Wednesday, 20 January 2016

Tristram and inequality

Tristram Hunt makes some valid points regarding the importance of Sure-Start centres, "high-class technical and vocational education", and "extracurricular activities", as well as the need for less interference from, "a compliance-based inspectorate" (Inequality: a problem schools alone can`t fix,12/01/16). The problem is that he fails to address the fundamental problem in education at the moment, which most certainly is not the lack of "character and resilience" in our schools; the more Hunt rattles on about this, the more evident it becomes that he needs to meet more state educated pupils.
 The major problem which has to be dealt with before the societal problem of inequality can be tackled is the shortage of teachers, which even Ofsted chief, Michael Wilshaw, has described as leading to a "two-tier system", with "one group of schools more able to recruit than another"; not exactly the best platform from which to launch an attack on inequality!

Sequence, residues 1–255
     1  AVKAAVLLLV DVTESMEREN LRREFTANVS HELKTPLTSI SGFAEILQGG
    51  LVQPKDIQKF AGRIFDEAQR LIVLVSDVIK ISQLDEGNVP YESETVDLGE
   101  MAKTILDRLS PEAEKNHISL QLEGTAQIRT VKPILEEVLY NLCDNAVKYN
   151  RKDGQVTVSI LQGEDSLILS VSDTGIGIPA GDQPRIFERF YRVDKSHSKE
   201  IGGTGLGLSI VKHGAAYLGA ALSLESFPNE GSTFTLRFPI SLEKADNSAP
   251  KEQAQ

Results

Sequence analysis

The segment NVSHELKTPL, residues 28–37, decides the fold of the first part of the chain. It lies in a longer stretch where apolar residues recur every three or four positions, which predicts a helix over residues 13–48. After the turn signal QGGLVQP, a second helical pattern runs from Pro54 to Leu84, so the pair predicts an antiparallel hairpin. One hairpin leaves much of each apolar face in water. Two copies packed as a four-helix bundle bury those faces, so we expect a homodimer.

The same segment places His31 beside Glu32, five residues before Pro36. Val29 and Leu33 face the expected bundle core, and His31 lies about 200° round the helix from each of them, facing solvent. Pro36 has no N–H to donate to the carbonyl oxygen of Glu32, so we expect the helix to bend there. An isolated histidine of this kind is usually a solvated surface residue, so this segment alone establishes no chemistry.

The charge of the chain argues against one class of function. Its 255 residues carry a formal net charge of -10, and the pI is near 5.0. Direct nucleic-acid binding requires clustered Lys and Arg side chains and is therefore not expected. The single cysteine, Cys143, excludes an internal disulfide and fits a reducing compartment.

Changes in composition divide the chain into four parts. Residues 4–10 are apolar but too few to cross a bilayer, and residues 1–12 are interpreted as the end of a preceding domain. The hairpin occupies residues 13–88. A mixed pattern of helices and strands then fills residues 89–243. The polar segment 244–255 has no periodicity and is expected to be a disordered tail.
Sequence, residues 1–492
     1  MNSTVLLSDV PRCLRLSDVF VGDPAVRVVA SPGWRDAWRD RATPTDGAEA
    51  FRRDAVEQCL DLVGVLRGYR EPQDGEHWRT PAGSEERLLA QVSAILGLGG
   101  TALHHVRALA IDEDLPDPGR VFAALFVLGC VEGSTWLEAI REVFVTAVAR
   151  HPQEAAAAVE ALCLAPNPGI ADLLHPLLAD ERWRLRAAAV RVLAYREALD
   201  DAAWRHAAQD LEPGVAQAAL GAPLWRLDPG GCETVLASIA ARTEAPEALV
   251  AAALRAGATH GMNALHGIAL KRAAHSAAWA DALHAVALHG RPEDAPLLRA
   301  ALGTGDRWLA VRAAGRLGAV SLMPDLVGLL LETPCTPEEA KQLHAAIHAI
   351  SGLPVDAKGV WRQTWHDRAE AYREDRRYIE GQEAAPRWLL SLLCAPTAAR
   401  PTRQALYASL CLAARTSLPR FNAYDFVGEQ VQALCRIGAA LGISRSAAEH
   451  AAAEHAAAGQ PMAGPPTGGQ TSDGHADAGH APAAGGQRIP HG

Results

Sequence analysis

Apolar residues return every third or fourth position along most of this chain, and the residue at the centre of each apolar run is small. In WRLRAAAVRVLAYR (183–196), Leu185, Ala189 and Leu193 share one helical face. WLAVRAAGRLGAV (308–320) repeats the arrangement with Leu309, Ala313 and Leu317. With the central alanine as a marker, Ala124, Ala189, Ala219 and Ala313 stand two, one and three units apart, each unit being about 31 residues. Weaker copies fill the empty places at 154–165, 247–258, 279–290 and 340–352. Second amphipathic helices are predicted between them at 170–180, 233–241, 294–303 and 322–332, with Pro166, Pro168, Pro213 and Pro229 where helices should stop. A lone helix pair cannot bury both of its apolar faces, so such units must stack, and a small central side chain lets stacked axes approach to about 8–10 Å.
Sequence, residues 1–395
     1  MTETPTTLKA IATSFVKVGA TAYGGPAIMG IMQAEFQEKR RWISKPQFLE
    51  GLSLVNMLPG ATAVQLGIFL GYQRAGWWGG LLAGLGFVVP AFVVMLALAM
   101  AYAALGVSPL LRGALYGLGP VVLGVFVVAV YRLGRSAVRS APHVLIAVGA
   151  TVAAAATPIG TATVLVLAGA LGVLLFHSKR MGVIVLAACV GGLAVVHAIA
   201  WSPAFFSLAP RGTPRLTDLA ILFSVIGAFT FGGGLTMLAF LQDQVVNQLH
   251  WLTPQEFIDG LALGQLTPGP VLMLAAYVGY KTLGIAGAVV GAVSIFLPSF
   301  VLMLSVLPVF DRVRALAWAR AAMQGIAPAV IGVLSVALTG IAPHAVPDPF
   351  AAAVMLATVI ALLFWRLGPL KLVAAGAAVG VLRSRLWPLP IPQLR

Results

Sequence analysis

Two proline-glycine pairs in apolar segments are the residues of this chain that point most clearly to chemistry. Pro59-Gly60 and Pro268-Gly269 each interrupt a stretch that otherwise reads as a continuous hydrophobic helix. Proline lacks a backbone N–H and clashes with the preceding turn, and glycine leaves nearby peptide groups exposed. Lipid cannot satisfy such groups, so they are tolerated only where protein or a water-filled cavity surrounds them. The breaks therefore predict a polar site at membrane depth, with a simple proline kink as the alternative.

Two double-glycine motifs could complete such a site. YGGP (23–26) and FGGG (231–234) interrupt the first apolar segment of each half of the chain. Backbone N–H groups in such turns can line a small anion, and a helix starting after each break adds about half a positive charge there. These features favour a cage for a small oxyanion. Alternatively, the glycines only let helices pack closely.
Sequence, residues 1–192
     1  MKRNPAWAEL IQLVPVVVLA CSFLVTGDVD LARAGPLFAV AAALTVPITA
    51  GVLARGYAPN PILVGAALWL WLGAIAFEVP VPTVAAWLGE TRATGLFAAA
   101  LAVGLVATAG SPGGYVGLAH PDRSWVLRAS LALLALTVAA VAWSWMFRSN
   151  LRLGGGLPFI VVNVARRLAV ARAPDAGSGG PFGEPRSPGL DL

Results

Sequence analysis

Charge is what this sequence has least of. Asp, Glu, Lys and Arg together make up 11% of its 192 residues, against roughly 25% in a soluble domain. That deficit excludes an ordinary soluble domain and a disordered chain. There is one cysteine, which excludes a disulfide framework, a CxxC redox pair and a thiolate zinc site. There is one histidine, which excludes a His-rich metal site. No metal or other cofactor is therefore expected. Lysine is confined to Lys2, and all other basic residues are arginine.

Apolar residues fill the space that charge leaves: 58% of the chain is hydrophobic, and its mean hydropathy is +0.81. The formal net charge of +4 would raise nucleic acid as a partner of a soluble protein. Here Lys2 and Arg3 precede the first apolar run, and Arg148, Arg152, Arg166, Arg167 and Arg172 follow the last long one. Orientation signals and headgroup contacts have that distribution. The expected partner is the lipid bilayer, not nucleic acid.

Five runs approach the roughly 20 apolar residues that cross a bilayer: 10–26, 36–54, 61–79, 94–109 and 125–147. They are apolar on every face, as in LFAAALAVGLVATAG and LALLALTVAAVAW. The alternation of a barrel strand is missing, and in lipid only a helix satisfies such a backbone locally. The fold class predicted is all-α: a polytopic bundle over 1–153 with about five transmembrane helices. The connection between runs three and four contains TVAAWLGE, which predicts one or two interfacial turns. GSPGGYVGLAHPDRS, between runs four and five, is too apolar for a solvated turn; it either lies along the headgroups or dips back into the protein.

Of course, Hunt is right to stress that the problem of inequality cannot be solved by schools alone, but until the teachers in the classrooms are rewarded with a significant increase in pay, and have their workloads reduced, all talk of "disadvantage and social mobility" for all is, sadly, pie in the sky. 

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